Once fresh elections were scheduled for December 1979, many started believing that Indira Gandhi’s return to power was possible, perhaps probable. Only her staunch loyalists considered it certain. Her advantages were obvious, of course, even though her critics hoped that her “cardinal sin” of imposing the Emergency would be an albatross round her neck. In the first place, the Janata had disgraced itself thoroughly and thus earned the contempt of even those who had voted for it exuberantly only three years earlier.
Second, and more important, she was being contested not by a single party, as in 1977, but by its two mutually hostile factions. The division of votes could benefit only her. No less crucial was the third factor. The huge spurt in attacks and atrocities on Scheduled Castes since the beginning of the Janata regime had turned this large voting segment back to Indira Gandhi, who had been fighting for this oppressed section of society since her famous elephant ride to Belchi. Moreover, the country had been suffering from an acute shortage of basic consumer goods.
This was partly due to a prolonged drought but the fault was naturally attributed to the party in power, especially because constant and bitter infighting had rendered it unable to function. One of the slogans on the campaign trail went, “Janata ho gayi fail, kha gayi chini aur mitti ka tel (The Janata has failed and has eaten up sugar and kerosene).”
No wonder that all through the campaign, Gandhi refrained from saying anything about the abolition of poverty, secularism, socialism or any other such issue. Her single-point call to the people was to elect a “government that works”. Her government in the past, she reminded her audiences, had done so and would surely do so in the future. It was on January 3, 1980, that election results started coming in, and within an hour it was clear that Gandhi was sweeping the polls.
The Times of India headline the next morning — “IT’S INDIRA ALL THE WAY” — said it all. However, this was based on voting trends. When the last result was announced on January 6, the tremendous scale of her triumph hit the country. Her party had won 353 of the Lok Sabha seats — one more than it had captured in the famous garibi hatao general election in 1971. She had done very well in south India even after the Emergency.
She now repeated this performance in the north. What happened in Uttar Pradesh, the state that sends the largest contingent of members to the Lok Sabha, was instructive. There, the rival factions of the Janata had declared themselves separate parties. Indira won 36 per cent of the popular vote but 60 per cent of the parliamentary seats. One of her two major opponents obtained 22 per cent of the vote and the other, 29 per cent. Yet, between them, they won 32 seats against the Congress (I)’s 50, which says a lot about the first-past-the-post system.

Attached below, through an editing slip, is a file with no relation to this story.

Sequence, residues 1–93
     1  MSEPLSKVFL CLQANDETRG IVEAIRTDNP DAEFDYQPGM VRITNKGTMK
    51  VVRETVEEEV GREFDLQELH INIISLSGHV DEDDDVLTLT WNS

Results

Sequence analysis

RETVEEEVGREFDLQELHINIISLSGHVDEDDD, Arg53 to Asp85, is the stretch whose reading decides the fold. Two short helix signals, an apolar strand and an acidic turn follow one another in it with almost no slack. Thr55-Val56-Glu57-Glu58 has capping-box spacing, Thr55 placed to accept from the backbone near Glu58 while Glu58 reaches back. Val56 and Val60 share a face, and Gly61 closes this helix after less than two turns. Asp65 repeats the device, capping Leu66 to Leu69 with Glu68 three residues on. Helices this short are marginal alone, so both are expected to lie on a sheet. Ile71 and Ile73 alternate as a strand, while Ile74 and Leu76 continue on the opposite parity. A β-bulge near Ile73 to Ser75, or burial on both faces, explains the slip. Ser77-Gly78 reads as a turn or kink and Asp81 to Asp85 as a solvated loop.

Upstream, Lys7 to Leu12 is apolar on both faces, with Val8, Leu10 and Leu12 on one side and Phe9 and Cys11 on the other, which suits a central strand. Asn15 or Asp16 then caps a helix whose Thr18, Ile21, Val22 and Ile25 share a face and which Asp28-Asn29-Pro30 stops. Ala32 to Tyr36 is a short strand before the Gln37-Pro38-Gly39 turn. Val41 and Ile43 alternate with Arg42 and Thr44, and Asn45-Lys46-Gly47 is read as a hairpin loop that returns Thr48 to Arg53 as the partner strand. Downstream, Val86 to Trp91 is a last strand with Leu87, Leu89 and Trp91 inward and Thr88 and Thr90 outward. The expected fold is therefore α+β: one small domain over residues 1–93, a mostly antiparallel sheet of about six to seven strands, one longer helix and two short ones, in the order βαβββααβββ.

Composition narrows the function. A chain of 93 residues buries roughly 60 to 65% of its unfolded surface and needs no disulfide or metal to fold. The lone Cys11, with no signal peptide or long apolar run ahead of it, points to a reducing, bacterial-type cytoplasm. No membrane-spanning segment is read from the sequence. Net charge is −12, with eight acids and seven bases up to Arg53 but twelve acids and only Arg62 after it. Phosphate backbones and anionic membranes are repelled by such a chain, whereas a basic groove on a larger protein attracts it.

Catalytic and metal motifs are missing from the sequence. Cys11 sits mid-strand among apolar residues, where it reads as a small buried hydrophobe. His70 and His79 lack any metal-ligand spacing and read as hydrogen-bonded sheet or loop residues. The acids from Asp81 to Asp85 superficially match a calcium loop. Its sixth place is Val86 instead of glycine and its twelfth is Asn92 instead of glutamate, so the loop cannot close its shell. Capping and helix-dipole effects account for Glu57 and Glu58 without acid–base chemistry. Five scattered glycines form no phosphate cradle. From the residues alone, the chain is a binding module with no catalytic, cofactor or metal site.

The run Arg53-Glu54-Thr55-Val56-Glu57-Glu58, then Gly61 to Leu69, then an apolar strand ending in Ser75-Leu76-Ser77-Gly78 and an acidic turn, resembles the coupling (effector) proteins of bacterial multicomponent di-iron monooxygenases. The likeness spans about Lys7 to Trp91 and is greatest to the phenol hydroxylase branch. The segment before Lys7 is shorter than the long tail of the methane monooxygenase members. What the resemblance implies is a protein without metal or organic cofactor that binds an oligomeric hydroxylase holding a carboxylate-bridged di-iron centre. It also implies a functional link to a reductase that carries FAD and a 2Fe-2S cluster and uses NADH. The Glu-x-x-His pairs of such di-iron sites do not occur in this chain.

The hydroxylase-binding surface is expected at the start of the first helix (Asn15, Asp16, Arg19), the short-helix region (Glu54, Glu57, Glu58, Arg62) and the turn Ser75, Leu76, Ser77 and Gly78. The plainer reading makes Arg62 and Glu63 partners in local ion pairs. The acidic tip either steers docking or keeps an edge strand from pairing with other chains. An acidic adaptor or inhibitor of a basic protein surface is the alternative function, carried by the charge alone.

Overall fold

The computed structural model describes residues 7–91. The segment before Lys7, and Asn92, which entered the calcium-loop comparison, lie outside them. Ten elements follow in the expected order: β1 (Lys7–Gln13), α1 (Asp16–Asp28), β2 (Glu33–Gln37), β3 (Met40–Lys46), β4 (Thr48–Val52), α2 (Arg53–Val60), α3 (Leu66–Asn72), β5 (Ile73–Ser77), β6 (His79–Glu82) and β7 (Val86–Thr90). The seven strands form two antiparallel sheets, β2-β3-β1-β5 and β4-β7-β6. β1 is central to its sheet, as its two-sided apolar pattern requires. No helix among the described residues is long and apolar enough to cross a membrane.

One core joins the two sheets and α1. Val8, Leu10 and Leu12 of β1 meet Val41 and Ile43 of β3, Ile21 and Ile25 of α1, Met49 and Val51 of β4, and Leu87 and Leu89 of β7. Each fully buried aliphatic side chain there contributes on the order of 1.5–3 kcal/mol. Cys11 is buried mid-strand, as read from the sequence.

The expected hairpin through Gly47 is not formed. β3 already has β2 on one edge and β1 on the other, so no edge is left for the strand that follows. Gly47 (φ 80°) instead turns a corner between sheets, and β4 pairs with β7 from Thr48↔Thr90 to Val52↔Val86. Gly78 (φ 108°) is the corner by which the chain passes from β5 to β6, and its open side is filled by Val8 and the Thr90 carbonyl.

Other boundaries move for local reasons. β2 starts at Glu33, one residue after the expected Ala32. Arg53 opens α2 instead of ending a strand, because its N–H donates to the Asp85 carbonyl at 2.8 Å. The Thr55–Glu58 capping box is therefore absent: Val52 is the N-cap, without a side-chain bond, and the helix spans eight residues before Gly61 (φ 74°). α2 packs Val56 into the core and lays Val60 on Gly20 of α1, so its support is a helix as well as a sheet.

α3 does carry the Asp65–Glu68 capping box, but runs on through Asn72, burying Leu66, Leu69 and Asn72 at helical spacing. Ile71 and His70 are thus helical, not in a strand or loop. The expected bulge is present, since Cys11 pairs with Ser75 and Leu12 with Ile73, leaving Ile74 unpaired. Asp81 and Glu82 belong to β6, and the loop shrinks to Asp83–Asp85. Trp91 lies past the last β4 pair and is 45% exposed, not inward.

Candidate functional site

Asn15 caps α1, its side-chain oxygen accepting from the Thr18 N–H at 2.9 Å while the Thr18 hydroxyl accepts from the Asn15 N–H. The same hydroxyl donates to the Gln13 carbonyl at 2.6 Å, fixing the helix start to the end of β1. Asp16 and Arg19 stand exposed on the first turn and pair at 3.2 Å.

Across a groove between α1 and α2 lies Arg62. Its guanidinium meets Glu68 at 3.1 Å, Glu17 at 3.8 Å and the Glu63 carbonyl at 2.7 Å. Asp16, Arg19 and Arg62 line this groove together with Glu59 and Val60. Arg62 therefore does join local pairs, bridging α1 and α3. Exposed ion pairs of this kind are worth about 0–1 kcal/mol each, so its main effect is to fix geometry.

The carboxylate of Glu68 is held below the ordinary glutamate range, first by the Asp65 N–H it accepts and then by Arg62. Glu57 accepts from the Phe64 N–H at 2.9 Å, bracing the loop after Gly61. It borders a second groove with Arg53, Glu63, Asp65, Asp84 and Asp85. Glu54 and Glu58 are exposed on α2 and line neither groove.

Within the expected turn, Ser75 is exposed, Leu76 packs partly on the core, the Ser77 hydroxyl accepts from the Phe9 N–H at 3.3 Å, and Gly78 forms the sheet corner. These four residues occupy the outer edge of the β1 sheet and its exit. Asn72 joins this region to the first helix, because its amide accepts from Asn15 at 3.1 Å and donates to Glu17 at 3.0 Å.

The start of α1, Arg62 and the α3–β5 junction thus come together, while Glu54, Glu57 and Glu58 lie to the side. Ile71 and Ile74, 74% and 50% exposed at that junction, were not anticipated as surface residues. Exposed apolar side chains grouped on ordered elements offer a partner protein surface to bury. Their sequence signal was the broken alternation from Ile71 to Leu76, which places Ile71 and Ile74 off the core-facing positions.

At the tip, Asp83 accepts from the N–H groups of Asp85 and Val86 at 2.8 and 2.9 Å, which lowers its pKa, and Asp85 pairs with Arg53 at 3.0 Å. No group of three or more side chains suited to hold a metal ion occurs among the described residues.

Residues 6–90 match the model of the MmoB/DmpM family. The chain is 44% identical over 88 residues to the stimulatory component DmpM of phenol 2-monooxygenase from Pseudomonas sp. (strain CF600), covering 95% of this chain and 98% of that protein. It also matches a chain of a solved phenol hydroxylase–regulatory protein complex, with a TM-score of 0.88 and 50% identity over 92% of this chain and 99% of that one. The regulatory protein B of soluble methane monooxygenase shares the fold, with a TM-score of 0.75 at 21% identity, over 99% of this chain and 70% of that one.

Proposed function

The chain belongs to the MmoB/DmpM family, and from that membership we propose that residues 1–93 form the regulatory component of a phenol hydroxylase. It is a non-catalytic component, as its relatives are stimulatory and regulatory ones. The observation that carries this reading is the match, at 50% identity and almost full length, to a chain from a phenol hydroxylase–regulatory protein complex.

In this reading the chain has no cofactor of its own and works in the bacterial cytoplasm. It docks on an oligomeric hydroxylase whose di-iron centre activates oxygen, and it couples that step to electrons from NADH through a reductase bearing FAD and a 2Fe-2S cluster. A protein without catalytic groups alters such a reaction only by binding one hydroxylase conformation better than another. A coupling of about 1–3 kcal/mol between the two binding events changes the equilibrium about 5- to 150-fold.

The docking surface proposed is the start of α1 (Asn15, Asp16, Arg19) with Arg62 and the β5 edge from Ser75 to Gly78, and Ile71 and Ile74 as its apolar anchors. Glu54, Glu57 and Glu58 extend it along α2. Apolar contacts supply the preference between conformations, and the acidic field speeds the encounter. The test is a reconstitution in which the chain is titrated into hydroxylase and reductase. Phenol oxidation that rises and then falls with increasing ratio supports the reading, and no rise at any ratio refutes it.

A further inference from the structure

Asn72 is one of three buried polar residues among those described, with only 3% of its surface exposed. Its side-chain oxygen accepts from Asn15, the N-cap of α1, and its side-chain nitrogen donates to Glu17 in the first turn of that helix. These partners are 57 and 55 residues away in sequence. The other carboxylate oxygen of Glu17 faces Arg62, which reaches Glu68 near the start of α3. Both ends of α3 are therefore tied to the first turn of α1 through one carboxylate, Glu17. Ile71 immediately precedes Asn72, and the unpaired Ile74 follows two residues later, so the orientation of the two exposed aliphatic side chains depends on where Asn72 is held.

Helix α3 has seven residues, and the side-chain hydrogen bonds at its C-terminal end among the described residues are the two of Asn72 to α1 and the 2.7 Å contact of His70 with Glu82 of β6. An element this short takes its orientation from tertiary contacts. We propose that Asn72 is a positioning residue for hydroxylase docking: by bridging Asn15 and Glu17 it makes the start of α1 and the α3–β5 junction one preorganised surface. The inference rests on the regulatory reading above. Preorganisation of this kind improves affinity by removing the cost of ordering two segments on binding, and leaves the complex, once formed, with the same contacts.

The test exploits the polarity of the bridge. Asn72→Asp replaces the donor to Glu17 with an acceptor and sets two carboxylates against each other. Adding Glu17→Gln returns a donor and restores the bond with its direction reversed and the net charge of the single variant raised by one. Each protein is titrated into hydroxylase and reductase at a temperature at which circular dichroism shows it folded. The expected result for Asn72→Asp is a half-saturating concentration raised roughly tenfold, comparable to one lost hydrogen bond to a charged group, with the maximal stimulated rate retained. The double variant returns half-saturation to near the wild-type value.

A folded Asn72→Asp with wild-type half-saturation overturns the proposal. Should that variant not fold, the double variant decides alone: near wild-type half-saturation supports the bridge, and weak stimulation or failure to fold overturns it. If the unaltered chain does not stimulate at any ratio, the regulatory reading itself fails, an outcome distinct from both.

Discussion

Incidentally, though elected on January 6 and requested to take the oath of office immediately, she refused to do so until January 14, which, according her astrologers, including a very senior colleague, was an auspicious day. This interregnum was to cause her government and the country quite a problem internationally. This can be discussed in due course at the appropriate place in this narrative.
Over her spectacular return to power Indira rejoiced doubly, for herself and, even more, for Sanjay. His electoral victory with a huge majority in his constituency of Amethi, where he had lost humiliatingly in 1977, had lent some legitimacy to his enormous power and title to the throne, both blighted in the past for having been built up behind the ramparts of the Emergency.
He was seen as having won his political spurs. Thus, there was greater acceptance of him as “crown prince” than before. His rough and rude manners had improved only marginally. There was absolutely no doubt, however, about the power he wielded. Even before winning the election, it was he who had chosen his party’s candidates. Of the 353 successful Congress (I) nominees, no fewer than 234 were new not only to Parliament but also to politics.
Of them, as many as 150 were staunch Sanjay supporters, hand picked by him to consolidate his personal power base. Innocent of the Congress culture, such as it was, and even of elementary parliamentary proprieties, short on cerebration and long on the use of muscle power, these Sanjay acolytes never hesitated to resort to violence on anyone coming in his way. Meanwhile, Indira paid no heed to advice from a friendly source that she should reconvert her party into what the Congress was in her father’s time. Instead, the Congress (I) soon turned into a combination of a praetorian guard and a Mughal court. Party members used to swearing allegiance and loyalty to the prime minister since 1969, amended their litany suitably. They now genuflected to both Indira and her “family”.
One of the earliest political moves she made was to impose president’s rule in nine states and order fresh elections there, exactly as the Janata had done on coming to power. Like the Janata then, her party won all the states this time. Sanjay was now at the zenith of his power or, as a Delhi journalist wrote, the “most vital factor in Indian politics”. He had presided over the selection of candidates and nominated all the nine new chief ministers. His mother had wisely rejected the demand of almost all members of her party that Sanjay should be chief minister of UP. He therefore selected V. P. Singh, who was later finance and defence minister in Rajiv Gandhi’s government, then became Rajiv’s nemesis, and finally prime minister for 11 short moths because the uneasy coalition he headed could not last.
In 1980, however, he was a different man. For, on being made chief minister of the most populous and politically key state, he declared, “Sanjay is a leader in his own right, and he is my leader too”.
The writer is a Delhi-based political commentator